EQUUS presented by Warsaw Federal Incline Theater through April 23. Click here for more information on the production. I attended the opening Saturday night performance.
The motivations behind a horrific crime power the dark drama EQUUS which closes out the Warsaw Federal Incline Theater’s season. Director Greg Procaccino’s steady hand leads his strong ensemble of nine deftly through the engaging script.
Michael Douglass Hall plays Martin Dysart, the psychiatrist tasked with getting through to the young man who committed the crime. Hall brings a great gravity to the role. Dysart’s weariness with his job specifically and his life in general is evident, but the compassion and desire to heal which lie underneath keep his character forging ahead.
Newcomer Kelsie Rae Slaugh is Hester, a magistrate and friend of Dysart who implores him to help in Alan’s defense. She fears Alan’s lack of cooperation will result in the young man’s conviction. Hester and Dysart’s relationship is believable as both professional and affable.
If I had to use one word to describe Christopher Carter’s performance as Alan, I would have to choose “focused.” Even at his most defiant, you could see Alan’s inner emotional turmoil. Whether it was his tit for tat relationship with Dysart or his budding romantic relationship with Jill, every moment rang emotionally true. Great work.
I also found Hannah Gregory to be completely honest and believable as Jill. Her chance encounter with Alan leads to the two working together at the stable where the crime ultimately takes place. Their connection and her firm-yet-gentle pursuit of Alan is very well done. Their nudity toward the end of the show is handled tastefully and bravely by the two fully-committed actors.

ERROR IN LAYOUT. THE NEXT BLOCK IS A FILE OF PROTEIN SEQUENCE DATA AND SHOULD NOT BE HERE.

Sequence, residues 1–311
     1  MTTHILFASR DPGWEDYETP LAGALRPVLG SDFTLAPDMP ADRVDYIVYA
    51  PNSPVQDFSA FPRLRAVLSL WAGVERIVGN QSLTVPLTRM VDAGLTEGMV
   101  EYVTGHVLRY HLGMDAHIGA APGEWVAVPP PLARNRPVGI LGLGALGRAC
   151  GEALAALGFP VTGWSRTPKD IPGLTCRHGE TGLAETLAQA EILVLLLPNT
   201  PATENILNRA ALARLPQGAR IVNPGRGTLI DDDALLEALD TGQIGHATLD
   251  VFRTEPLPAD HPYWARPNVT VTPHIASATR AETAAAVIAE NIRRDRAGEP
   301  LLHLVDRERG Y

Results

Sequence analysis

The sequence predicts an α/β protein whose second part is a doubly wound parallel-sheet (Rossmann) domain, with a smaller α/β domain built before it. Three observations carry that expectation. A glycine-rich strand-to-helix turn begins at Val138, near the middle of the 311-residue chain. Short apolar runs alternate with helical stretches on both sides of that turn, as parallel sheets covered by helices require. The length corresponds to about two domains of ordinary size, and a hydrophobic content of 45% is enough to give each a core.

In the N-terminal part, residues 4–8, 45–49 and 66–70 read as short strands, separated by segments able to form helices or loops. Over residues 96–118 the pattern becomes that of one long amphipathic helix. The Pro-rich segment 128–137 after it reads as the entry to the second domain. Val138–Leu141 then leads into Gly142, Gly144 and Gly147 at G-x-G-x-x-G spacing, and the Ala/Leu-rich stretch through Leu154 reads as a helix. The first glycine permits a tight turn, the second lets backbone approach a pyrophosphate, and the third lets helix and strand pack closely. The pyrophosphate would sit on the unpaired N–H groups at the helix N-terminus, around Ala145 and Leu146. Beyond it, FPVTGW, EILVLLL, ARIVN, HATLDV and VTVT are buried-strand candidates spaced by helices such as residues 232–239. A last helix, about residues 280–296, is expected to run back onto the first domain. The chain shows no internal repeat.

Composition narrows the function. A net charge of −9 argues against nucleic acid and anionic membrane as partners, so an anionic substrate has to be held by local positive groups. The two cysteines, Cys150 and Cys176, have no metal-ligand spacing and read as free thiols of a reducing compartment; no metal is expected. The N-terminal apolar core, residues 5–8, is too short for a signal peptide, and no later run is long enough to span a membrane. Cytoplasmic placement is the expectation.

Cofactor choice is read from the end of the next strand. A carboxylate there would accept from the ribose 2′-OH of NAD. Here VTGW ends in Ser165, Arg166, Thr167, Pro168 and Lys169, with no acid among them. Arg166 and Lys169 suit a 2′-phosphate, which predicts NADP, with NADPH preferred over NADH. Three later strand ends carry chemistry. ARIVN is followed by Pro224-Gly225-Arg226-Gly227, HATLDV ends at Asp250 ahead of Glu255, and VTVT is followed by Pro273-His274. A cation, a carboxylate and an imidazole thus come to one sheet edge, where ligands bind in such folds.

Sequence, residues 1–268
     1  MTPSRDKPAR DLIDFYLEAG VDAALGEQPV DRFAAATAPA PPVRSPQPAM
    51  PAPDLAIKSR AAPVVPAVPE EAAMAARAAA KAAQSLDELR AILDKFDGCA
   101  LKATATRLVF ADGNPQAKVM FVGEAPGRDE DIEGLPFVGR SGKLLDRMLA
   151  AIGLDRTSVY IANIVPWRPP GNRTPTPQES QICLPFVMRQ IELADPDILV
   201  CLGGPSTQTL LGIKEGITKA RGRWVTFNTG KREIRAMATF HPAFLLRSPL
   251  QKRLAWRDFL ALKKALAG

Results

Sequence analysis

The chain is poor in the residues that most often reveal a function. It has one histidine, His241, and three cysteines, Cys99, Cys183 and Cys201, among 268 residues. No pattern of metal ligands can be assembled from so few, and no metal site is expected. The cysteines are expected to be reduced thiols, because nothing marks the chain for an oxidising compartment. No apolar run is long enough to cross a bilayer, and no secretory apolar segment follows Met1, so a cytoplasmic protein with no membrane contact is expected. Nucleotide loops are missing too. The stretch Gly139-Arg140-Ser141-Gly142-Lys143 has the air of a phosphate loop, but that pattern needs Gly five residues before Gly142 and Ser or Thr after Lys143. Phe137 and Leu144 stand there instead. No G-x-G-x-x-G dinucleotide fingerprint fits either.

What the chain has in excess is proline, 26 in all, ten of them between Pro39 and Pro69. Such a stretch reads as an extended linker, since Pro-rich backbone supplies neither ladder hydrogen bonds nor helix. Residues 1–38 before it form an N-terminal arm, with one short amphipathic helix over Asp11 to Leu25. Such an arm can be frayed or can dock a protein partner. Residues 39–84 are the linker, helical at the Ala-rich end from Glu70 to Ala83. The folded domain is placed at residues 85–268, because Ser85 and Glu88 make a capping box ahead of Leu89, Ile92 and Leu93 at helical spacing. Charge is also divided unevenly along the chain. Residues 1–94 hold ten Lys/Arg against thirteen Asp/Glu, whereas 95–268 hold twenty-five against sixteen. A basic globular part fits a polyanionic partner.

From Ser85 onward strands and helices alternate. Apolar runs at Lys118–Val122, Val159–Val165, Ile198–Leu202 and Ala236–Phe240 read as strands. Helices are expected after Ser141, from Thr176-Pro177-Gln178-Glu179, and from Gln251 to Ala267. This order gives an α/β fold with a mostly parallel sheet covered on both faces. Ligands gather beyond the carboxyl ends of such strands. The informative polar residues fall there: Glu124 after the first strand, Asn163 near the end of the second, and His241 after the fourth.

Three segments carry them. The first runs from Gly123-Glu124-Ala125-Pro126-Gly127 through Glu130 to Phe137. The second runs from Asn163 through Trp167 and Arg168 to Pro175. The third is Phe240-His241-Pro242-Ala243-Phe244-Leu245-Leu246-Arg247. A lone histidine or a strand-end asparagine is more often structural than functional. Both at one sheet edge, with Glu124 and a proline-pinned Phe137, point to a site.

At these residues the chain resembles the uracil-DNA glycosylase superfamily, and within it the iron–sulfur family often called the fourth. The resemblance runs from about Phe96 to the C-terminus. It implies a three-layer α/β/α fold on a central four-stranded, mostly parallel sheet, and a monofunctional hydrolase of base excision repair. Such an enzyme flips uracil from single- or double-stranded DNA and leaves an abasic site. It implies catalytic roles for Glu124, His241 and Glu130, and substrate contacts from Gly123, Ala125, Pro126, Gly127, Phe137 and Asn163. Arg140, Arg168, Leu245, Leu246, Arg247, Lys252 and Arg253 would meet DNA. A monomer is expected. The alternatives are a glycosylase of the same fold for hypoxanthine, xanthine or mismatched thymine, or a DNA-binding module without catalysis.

Rory Sheridan and Martha Slater are strong as Alan’s theologically-opposed parents Frank & Dora. In their performances, it is easy to see how the parents’ beliefs and hypocrisy heavily influenced their son’s formative years.
Also well-handled was the role of the horse, Nugget, portrayed by Peter Cutler. His height and build, in combination with the costume and headpiece struck the right chord. But it was the actors’ commitment during their interactions that really sold the conceit.
Rounding out the strong ensemble are Angela Alexander Nalley as the nurse who works with Dysart and Jim Stump as Dalton, the owner of the stable that employed Alan.
I felt that the various accents were handled well by the actors. For the most part, the pacing was strong but wisely also allowed some key emotionally moments to play out at their own rate.
I enjoyed the set designed by Brett Bowling. The overall shape of the set reminded me of a temple and the repeating cross motif worked well as a visual element. The lighting added clarity to the story-telling as the show jumped between the present and memories of the past. At the performance I attended, there were a few lighting cues that seemed out of place.
Overall an engrossing, well-produced drama.
My rating: 4.5 out of 5.
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